Top Senate Democrat wants Turkish recognition of Armenian Genocide

Top Senate Democrat wants Turkish recognition of Armenian Genocide

PanARMENIAN.Net - Senate Democratic Leader Chuck Schumer (NY), a decades-long outspoken advocate of justice for the Armenian Genocide, has cosponsored bipartisan Senate legislation condemning that crime and calling for an end to international complicity in Turkish government denials, reported the Armenian National Committee of America (ANCA).

“All countries should recognize the horrific genocide that occurred 102 years ago to the Armenian people,” said Senator Schumer.

“It is my sacred duty to speak out against the terrors of the past and against those who cannot speak of it themselves and that’s why I am a proud co-sponsor of this Senate resolution. I stand with the worldwide Armenian community in labeling the atrocities against the Armenian people as genocide.”

S.Res.136 was introduced by Senator Robert Menendez (D-NJ) with the bipartisan support of Senators Ted Cruz (R-TX), Ed Markey (D-MA), and Tom Udall (D-NM) earlier this year on April 24, the international day of commemoration of the Ottoman Turkish Government’s murder of over 1.5 million Armenians from 1915-1923. The resolution calls on the President to “work toward an equitable, constructive, stable, and durable Armenian-Turkish relationship that includes the full acknowledgment by the Government of the Republic of Turkey of the facts about the Armenian Genocide.” It goes on to urge that “the foreign policy of the United States reflects appropriate understanding and sensitivity concerning issues related to human rights, crimes against humanity, ethnic cleansing, and genocide documented in the United States record relating to the Armenian Genocide.”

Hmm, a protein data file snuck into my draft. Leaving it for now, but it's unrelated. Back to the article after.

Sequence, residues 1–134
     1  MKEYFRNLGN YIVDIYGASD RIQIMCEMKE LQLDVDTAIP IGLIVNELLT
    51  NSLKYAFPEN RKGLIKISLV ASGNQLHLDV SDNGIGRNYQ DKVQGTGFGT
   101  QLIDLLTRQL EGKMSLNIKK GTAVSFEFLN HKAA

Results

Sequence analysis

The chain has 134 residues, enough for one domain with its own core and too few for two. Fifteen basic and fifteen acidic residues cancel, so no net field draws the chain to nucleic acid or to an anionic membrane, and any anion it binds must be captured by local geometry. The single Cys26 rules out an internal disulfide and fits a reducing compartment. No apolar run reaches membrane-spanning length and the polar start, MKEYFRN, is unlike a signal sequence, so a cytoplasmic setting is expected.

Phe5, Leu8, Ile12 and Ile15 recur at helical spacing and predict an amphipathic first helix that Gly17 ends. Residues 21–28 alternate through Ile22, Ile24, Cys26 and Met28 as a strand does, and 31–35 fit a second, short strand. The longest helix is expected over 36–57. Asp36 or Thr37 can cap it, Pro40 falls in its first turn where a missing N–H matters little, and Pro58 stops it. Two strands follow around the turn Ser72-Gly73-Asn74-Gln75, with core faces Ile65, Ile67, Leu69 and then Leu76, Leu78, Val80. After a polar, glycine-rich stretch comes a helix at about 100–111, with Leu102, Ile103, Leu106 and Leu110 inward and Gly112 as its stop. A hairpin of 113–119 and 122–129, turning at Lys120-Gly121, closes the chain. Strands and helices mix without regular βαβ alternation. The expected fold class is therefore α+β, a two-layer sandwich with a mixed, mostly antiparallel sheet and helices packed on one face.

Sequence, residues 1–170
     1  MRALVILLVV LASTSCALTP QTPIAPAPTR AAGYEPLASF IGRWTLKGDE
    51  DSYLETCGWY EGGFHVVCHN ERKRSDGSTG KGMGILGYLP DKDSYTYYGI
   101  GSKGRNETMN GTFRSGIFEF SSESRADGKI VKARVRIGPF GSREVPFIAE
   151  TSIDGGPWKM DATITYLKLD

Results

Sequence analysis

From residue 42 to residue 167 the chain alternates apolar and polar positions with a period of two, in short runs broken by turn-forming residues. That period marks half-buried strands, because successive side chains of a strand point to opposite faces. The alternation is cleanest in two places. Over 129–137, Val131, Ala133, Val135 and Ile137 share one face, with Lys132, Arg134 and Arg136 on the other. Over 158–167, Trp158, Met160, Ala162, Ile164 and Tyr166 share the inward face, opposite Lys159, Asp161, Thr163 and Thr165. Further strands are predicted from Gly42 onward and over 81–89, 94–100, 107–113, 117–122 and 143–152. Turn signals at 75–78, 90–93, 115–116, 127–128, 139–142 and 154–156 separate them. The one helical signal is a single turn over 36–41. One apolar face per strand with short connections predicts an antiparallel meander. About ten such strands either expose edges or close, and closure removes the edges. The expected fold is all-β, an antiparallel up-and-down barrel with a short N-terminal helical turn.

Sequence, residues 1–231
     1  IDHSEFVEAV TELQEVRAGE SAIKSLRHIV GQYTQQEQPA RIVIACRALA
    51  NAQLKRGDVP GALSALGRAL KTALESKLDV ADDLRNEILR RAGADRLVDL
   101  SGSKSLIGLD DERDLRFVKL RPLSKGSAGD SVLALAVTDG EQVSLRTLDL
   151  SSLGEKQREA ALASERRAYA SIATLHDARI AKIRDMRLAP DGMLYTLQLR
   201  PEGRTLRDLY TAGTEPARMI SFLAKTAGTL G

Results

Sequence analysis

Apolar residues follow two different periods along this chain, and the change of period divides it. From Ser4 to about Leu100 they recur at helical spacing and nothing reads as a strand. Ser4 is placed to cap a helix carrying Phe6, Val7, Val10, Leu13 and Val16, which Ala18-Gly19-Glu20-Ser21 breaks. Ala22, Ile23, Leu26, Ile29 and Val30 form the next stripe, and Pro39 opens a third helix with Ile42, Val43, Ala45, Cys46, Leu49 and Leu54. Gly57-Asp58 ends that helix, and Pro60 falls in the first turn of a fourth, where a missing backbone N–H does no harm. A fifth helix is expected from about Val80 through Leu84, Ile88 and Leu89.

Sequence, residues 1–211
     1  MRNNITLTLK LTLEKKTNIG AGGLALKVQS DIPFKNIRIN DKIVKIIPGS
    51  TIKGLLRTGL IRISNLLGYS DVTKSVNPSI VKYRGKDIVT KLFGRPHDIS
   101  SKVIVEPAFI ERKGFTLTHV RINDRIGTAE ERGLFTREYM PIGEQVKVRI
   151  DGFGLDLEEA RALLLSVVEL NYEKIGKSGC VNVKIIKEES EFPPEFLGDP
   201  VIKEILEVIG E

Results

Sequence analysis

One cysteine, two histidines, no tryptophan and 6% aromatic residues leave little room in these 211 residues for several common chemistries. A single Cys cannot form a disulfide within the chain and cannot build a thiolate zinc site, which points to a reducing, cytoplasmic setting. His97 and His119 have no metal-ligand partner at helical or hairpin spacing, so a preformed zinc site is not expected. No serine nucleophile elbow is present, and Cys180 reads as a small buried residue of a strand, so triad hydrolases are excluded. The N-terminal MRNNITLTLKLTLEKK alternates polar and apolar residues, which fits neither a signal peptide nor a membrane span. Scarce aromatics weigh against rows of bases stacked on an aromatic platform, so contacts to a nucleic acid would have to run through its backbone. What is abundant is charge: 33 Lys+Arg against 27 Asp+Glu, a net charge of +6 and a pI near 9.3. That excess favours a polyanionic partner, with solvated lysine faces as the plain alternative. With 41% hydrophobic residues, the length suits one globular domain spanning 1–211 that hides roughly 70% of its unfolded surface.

Other cosponsors of the measure include Senators Dianne Feinstein (D-CA), Cory Gardner (R-CO), Gary Peters (D-MI), Jack Reed (D-RI), Marco Rubio (R-FL), Debbie Stabenow (D-MI), Chris Van Hollen (D-MD), Elizabeth Warren (D-MA), Sheldon Whitehouse (D-RI), and Ron Wyden (D-OR).

The Armenian Genocide

The Armenian Genocide (1915-23) was the deliberate and systematic destruction of the Armenian population of the Ottoman Empire during and just after World War I. It was characterized by massacres and deportations, involving forced marches under conditions designed to lead to the death of the deportees, with the total number of deaths reaching 1.5 million.

The majority of Armenian Diaspora communities were formed by the Genocide survivors.

Present-day Turkey denies the fact of the Armenian Genocide, justifying the atrocities as “deportation to secure Armenians”. Only a few Turkish intellectuals, including Nobel Prize winner Orhan Pamuk and scholar Taner Akcam, speak openly about the necessity to recognize this crime against humanity.

The Armenian Genocide was recognized by Uruguay, Russia, France, Lithuania, Italy, 45 U.S. states, Greece, Cyprus, Lebanon, Argentina, Belgium, Austria, Wales, Switzerland, Canada, Poland, Venezuela, Chile, Bolivia, the Vatican, Luxembourg, Brazil, Germany, the Netherlands, Paraguay, Sweden, Venezuela, Slovakia, Syria, Vatican, as well as the European Parliament and the World Council of Churches.

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